Television Reviews

‘Game of Thrones’ Season Five – Controversial, but will it alienate fans?

game of thrones season 5

‘Game of Thrones’ ended yet another masterful season with the culmination of a number of storylines perfectly positioned and executed by all facets of this brilliant HBO show’s talented creative forces.  This has been the program’s operating principle – introduce characters and plot threads held together by perfectly written and acted scenes, intersperse some of the most epic action / battles captured within the medium of television, and end with fans and critics (both academic and sociological) stewing over character arcs and controversy.  ‘GoT’ is able to do so because of (or in spite of, depending on your opinion) its’ extremely high quality acting, staging, direction, and writing – viewers’ investment in the oft-complicated character connections and history is rewarded and punished equally.


Season Five, much like previous seasons, set up a multitude of through-lines for the remaining (stress remaining as ‘GoT’ thrives on shocking deaths of the good, evil, and in-between), now familiar, characters.  Some of these stories work exceedingly well, captivating and leaving viewers hanging between scenes, while others drag until they inevitably pop, like some nasty, medieval-fantasy boil (as painful as that sounds).  This season especially has fallen victim to this pattern, particularly in the drawn-out plights of the Stark sisters and Jamie Lannister’s journey to Dorne to retrieve his ‘niece’.  These problems were completely overcome though in the final three episodes which were so full of jaw-dropping moments, that the build-up proved integral to feeling this impact.

Case in point, creating some modicum of empathy for Stannis, who in previous seasons was presented as a villainous, power-mad, religious zealot.  His interactions with Jon Snow (building mutual respect), and the obvious affection for his daughter (the allusion to the great lengths he went in keeping the grey scale from overtaking her as a baby), built an additional layer, only to completely devastate when he shows his true colors by sacrificing this same daughter.  ‘GoT’ has perfected this type of character layering – no actions nor decisions by any of its’ characters go exactly as they would like, punishing and glorifying them in unexpected ways, and always keeping the audience on its’ toes.

Religious fervor and iconography in particular were highlighted this season, from Stannis’ motivations, to the unified masks of the Sons in Mereen, to Arya’s prolonged trial with the many-faced god, and the overarching internal siege of King’s Landing by Johnathan Pryce’s High Sparrow.  The capital of Westeros survived the Battle of Blackwater, but fell to the machinations of Lena Headley’s Cersei in her attempt to use the religious zealots to take down the Tyrells, backfiring terribly with her taking the brunt of their punishment (rue these lunatics in season six when they feel her unfettered wrath).  Headley was a tour de force this season, conveying a mix of complex emotions, initially taking pleasure in the suffering of others, then truly suffering, but through it all, still able to withstand taking any responsibility herself – much like Stannis, a character now strangely admirable in her staunch selfishness.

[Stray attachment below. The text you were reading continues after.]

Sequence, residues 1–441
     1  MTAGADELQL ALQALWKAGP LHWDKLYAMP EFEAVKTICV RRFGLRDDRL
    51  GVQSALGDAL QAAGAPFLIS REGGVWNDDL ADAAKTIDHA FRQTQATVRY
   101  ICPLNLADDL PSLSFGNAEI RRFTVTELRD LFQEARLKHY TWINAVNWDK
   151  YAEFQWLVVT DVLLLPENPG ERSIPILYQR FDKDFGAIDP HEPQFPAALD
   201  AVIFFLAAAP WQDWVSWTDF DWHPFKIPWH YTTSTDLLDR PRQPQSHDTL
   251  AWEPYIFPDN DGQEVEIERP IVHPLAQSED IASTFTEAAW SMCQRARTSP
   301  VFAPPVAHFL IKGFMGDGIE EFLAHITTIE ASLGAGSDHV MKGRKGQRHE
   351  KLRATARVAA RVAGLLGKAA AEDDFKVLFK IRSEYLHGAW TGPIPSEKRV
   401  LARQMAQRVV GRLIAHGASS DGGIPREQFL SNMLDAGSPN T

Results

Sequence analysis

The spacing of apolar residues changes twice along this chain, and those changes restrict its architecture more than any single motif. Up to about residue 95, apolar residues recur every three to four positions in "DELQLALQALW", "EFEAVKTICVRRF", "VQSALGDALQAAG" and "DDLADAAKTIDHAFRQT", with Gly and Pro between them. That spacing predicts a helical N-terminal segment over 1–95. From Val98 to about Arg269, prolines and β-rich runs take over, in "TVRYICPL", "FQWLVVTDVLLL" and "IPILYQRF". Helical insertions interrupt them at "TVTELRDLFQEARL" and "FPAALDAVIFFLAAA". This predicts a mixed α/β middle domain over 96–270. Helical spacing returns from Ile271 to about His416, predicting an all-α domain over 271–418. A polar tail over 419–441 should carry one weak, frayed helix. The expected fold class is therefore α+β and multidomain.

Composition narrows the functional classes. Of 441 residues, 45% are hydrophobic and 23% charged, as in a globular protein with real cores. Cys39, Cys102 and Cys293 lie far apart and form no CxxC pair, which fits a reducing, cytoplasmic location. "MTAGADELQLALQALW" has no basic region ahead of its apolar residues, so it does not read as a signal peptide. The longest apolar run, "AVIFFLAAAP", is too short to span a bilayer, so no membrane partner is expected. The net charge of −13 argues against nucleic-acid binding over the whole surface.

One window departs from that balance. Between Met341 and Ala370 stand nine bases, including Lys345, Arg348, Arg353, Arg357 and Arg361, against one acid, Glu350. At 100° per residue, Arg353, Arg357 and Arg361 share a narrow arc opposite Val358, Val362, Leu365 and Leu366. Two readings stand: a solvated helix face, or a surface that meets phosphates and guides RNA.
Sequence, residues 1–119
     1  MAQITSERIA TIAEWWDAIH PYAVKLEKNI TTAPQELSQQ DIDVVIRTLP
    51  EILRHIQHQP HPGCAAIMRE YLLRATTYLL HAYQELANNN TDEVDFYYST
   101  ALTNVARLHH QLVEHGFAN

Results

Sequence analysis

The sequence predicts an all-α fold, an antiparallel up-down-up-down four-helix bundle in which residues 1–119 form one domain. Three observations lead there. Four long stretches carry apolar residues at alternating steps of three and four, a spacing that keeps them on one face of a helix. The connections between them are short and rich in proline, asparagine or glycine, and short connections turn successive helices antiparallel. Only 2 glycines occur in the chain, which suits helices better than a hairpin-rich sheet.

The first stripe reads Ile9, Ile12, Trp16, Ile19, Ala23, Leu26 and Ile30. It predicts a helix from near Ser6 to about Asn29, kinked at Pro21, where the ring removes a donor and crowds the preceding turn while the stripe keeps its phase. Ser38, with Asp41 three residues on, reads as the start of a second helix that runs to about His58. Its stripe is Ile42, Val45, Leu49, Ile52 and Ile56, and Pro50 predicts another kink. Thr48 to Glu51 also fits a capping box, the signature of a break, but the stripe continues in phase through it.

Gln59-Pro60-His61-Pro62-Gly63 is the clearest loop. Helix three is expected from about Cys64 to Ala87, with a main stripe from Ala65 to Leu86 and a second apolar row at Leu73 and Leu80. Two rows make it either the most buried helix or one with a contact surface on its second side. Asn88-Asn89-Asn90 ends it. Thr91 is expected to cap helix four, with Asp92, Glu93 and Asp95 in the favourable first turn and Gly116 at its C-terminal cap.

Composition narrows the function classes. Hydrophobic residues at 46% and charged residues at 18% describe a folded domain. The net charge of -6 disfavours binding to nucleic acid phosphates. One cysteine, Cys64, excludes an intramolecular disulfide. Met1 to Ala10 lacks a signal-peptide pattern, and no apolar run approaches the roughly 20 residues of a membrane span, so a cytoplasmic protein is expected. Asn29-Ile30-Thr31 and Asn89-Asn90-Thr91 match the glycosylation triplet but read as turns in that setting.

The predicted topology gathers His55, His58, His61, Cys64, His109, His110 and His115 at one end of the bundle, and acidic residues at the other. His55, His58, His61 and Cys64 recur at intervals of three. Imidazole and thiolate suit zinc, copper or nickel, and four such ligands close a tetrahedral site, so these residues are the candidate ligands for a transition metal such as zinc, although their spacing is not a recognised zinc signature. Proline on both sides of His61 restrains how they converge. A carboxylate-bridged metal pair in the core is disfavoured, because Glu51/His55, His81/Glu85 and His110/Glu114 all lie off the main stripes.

Dany (Emilia Clarke) was truly tested this season, flipping her stance on opening the fighting pits in Mereen in an act of compromise.  While leadership compromise can be a necessity for communal acceptance, this decision backfires on the Mother of Dragons when the arena presents the perfect opportunity for assassination.  In one of the most epic, well-staged, and ultimately fist-pumping scenes of the series so far, she escapes on the back of black-sheep dragon, Drogon, a CGI rendering carefully imbued with dog-like personality.

The most polarizing bit of this season was saved for the very end of the finale, in a craftily staged coup of Jon Snow (Kit Harrington), branded traitor by his brothers in the Night’s Watch for teaming up with the reviled Wildlings north of the wall.  In hindsight, the brutal slaying of Snow is not unexpected, but this scene pulls the rug out from under the audience for a variety of reasons beyond the likability of the character.  This is coming off one of the greatest, but ultimately futile battle scenes (Hardhome – zombie hordes led by the White Walkers decimate the freefolk), where Jon (and the audience) are seemingly introduced to his nemesis.  As they lock eyes, he raises his hands (and the dead to join the army), Jon (and the audience) feel the monumental power of this foe they all must face.  This identification with Jon’s plight endears the character, and furthers the belief that he will be involved in the endgame – his murder is perhaps most devastating of all . . .

But this is Game of Thrones, and it’s like nothing else . . . Fans and critics alike cannot resist getting pulled in, even if it means losing those loved the most . . .



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